Fraud Scheme Targeting 401(k) Accounts Uncovered
A scheme targeting individual 401(k) accounts, potentially at multiple recordkeepers, has resulted in a lawsuit by the U.S. Attorney’s office in Colorado to recover as much as $2 million in losses.
The lawsuit, U.S. v. $81,963.74 in U.S. Currency
(D. Colo., No. 1:17-cv-02894-PAB), filed Dec. 4 in federal court in Colorado, seeks to seize up to $342,335 in assets from five individuals who deposited funds from the alleged scheme in multiple banks, including JP Morgan Chase Bank, Bank of America, PNC Bank and Wells Fargo.
According to the suit, the FBI’s Denver Division was contacted by in November 2016 by Great-West Financial’s VP of Internal Audit regarding allegations of fraudulent transfers from clients’ 401(k) accounts from JP Morgan. At that time, Great-West Financial had 20 participants affected and a loss of at least $1 million with a potential loss in excess of $2 million, according to the suit.
Basically, according to Great-West, plan participants established an account online. Thereafter, the Great-West call center assists as needed when contacted by a plan participant, utilizing a four-part authentication process using biographical identifiers for the plan participant. The plan participant is provided a distribution form via either email or mail. Once a plan participant has access to an account, information could be changed or updated and disbursements requested. According to the suit, Great-West observed that unauthorized individual(s) had been fraudulently using this process to obtain access to funds held in retirement accounts for which Great-West was the recordkeeper, causing funds to be transferred from those retirement accounts to other bank accounts without the knowledge or consent of the actual participant.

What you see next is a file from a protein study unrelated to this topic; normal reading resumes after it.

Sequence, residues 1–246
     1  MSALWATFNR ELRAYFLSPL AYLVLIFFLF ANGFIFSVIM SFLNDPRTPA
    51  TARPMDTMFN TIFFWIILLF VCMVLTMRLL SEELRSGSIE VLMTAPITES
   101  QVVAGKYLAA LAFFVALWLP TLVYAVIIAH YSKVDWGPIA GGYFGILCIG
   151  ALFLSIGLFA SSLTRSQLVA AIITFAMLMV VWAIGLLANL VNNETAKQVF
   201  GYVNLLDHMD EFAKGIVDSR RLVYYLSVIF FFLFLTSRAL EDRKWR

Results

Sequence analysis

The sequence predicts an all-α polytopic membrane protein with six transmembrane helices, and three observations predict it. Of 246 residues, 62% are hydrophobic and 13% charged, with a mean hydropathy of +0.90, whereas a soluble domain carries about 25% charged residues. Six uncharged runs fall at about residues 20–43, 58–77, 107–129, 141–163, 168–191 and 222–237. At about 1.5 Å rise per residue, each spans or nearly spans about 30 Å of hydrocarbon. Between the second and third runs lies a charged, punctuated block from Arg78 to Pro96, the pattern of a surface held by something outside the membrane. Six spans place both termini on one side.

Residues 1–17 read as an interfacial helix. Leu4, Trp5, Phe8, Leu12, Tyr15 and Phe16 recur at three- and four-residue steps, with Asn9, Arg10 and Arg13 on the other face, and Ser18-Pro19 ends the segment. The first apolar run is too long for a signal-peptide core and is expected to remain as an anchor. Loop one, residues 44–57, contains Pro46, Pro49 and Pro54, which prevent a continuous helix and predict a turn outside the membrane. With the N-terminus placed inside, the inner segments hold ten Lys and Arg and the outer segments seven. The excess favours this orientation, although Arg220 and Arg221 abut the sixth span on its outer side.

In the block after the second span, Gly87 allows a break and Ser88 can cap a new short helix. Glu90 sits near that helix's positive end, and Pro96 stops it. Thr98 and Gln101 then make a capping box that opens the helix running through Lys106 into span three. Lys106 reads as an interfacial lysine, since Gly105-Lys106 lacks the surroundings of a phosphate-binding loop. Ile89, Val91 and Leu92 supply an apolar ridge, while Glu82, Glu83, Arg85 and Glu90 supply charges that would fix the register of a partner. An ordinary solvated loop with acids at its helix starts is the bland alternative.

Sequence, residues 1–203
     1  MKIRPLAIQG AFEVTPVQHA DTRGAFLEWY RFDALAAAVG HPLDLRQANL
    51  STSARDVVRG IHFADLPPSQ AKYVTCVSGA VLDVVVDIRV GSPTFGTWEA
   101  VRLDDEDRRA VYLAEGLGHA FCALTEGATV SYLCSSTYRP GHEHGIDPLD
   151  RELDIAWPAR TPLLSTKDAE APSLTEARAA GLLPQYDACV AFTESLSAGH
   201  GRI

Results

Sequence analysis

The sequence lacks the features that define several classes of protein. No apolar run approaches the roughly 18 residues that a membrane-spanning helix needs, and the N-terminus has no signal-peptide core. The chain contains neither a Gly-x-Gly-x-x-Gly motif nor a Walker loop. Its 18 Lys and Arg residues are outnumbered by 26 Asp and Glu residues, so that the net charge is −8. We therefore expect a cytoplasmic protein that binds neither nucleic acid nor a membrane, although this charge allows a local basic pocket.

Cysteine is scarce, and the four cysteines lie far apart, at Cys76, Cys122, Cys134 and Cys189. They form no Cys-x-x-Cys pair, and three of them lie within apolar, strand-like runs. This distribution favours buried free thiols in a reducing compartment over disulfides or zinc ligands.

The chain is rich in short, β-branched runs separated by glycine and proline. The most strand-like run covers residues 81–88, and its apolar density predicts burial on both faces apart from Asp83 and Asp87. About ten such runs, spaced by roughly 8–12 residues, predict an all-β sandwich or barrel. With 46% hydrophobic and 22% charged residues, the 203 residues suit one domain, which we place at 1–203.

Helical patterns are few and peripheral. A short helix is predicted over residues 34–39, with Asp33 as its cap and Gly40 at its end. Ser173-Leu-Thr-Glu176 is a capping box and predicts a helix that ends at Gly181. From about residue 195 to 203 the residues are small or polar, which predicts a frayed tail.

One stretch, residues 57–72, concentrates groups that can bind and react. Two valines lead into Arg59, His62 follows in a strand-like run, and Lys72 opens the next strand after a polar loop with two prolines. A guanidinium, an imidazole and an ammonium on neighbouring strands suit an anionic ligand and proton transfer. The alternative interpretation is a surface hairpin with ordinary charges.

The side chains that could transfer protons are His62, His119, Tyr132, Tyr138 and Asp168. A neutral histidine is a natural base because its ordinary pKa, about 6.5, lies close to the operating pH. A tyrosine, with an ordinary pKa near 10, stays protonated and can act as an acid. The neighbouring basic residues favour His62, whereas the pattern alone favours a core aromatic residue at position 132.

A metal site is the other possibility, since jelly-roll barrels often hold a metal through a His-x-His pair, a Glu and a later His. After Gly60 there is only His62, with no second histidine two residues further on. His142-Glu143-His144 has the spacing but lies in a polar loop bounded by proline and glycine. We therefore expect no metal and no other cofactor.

While it has yet to be determined why specific accounts were targeted, requests for withdrawals were received and the requestor was able to provide the plan participants’ biographical data, i.e., name, Social Security numbers, date of birth and employment data. Since the requests were authenticated with the plan participants’ identifiers, the perpetrator was able to make changes to the accounts and facilitate the withdrawals.
According to BloombergBNA, Stephen Gawlik, Great-West’s Director of Public Relations, said that the information used to access the accounts didn’t come from a breach of the recordkeeper’s systems. Additionally, Gawlik noted that the 401(k) account holders affected by the scheme didn’t incur any financial loss in the end, as they were made whole by Great-West.
The FBI says that some of the initial recipients of the funds fraudulently transferred from Great-West also received funds from other institutions or sources identified as fraudulent.
These additional entities advised of being recently targeted by similar financial fraud schemes as the one affecting Great-West included Voya Financial and Nationwide, according to the lawsuit.